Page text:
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Nothing Could Be Finer
Curry Kirkpatrick
April 05, 1982
Than to be with Carolina after it had at last won the big one for Dean Smith, beating Georgetown 63-62
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April 05, 1982

Nothing Could Be Finer

Than to be with Carolina after it had at last won the big one for Dean Smith, beating Georgetown 63-62

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Oh for six. Goose eggs by the half dozen. How many times had he heard it? And there it was happening to Dean Smith once more as his North Carolina team, behind again, passed the ball around the Georgetown zone with the clock running down in Monday night's NCAA championship game in the Louisiana Superdome,

Over a multitude of Marches, if it wasn't Alcindor, it was Mount; if it wasn't a McGuire farewell, it was an Isiah goodby. If it wasn't one thing, it was always another whenever Smith and the Tar Heels got to the Final Four. They had lost to the best college champion in history ( UCLA, 1968), and they had lost to the two champions with the most defeats ( Marquette, 1977; Indiana, 1981). "I think I've handled it well. I don't feel the emptiness," Smith had said on Friday.

But in sport as in life there are turnings. To everything, there is a season. Surely this time, this turn, belonged to Dean Smith. In New Orleans, The City That Care Forgot, care couldn't get this brilliant, star-crossed basketball coach.

And so Smith's turn came Monday at 9:05 p.m. CST, (Four) Corners Stall Time, as 61,612—the largest crowd ever to see a game in the Western Hemisphere—rose to give him his due. Not only his, however, because the roar that was sent up like God's own thunder honored the play and the players on both sides, such was Carolina's wondrous 63-62 victory over Georgetown.

To win, the Tar Heels had to significantly alter their strategy against the Hoyas' 7-foot monster-child, Pat Ewing. At first Carolina tried to cut the court in half and challenge the elegant giant. Eventually, they had to rely on Forward James Worthy (who made 13 of 17 field-goal attempts, had 28 points and was "the most explosive he's ever been," according to his frontcourt running mate, Sam Perkins) to rush down the floor and jam the ball through the hoop before Ewing, a human PAC-MAN, swallowed them all alive.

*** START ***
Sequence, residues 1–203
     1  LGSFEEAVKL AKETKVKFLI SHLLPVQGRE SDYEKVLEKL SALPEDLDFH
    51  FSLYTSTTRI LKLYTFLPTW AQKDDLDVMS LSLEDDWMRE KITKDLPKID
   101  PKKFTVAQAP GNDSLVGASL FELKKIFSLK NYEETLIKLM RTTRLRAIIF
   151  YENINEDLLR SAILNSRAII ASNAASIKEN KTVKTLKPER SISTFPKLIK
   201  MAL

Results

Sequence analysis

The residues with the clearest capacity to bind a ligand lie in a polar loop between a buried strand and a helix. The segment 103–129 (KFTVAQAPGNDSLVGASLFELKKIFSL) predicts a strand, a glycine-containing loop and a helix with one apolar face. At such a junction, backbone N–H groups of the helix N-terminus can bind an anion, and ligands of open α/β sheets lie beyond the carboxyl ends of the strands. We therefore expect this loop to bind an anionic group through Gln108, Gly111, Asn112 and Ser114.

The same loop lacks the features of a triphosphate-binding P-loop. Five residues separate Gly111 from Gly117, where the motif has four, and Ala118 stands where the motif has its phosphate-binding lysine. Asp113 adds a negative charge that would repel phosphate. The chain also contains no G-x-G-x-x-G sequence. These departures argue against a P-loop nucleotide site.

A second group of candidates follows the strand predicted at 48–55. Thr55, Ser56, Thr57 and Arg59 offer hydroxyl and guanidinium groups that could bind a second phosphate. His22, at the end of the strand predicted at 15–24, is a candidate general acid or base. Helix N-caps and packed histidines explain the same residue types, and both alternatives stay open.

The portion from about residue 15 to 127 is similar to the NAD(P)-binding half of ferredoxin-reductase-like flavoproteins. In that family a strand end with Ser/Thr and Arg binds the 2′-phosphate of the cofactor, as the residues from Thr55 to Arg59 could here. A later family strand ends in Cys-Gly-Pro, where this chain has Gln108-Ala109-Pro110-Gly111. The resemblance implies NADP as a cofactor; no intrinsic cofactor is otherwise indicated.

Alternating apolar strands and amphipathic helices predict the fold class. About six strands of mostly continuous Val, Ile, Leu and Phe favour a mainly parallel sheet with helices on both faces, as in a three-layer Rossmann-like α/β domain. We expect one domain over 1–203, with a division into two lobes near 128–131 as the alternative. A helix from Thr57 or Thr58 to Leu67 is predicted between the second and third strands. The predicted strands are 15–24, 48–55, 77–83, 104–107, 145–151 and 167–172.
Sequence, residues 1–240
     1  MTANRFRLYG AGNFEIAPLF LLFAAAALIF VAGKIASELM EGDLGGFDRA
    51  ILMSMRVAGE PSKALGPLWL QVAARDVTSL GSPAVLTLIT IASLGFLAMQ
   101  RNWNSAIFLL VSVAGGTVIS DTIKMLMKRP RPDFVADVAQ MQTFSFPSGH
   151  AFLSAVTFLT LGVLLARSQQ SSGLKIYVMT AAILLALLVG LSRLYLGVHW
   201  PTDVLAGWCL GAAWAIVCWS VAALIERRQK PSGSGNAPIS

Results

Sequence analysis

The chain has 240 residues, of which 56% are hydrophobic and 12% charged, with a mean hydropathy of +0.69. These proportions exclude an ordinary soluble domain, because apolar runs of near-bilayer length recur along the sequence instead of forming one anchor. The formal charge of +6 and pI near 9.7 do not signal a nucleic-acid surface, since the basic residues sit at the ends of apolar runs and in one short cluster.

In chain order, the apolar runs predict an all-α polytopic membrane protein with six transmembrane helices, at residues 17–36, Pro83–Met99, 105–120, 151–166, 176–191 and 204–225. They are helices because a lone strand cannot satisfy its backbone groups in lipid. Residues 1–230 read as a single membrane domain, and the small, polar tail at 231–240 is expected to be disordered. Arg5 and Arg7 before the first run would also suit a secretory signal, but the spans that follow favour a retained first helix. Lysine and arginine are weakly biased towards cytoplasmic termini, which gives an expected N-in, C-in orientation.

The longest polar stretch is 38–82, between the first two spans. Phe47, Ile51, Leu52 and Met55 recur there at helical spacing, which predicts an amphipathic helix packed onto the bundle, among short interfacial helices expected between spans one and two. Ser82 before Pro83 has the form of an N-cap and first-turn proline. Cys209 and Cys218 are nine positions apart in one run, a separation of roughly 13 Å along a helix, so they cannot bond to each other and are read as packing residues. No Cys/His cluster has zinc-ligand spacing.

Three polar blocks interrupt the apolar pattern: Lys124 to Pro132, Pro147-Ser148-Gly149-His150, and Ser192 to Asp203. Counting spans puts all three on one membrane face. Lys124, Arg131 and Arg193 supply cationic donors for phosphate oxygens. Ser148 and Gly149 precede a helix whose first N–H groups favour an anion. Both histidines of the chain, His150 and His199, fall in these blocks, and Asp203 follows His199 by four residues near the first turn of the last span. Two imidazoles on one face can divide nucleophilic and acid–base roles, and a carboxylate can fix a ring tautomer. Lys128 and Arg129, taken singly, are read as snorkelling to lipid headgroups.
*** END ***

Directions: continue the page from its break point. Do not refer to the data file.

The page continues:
Still, Carolina was, as Smith put it, "the hunted," and Georgetown, quicker, ravaging, downright frightening in its full court press, was "the hunter." After a time-out with 32 seconds left when Carolina was behind for the 12th time, 62-61, Guard Jimmy Black faked a pass to Perkins down low. The Georgetown defender at the point, Sleepy Floyd, fell for the fake, so Black reversed the ball to Michael Jordan on the left side.

Jordan, as ice-bucket cool as a 6'5" freshman could be, had already contributed six baskets and nine rebounds. Now with 18 seconds to go, Jordan caught Black's pass in front of the Carolina bench. He was all alone. It was a play designed for him. He was right where he had imagined he would be on the bus ride over from the hotel, with the ball—and the game—in his hands. "I didn't see it go in," he said. "I didn't look at the ball at all. I just prayed." String music, choir.

Georgetown raced downcourt without calling a time-out. Guard Fred Brown had the ball. Floyd, the shooter, was in the corner. Eric Smith was floating backdoor. But Brown blanked out. With eight seconds left, Brown looked out of the corner of his eye, thought he saw Smith and threw a perfect pass chest-high. "But it wasn't him," said Brown later. "If I'd had a rubber band, I would've pulled it back."

It was Worthy who clutched the ball to his chest and then dribbled the other way, a phantom from Mardi Gras escaping into the Louisiana night.

Worthy was deliberately fouled at :02, and after a final Georgetown time-out, missed both free throws, proving he knows an anticlimax when he sees one. And then it was over. The closest NCAA championship game since 1959 and one of the best ever, was over.

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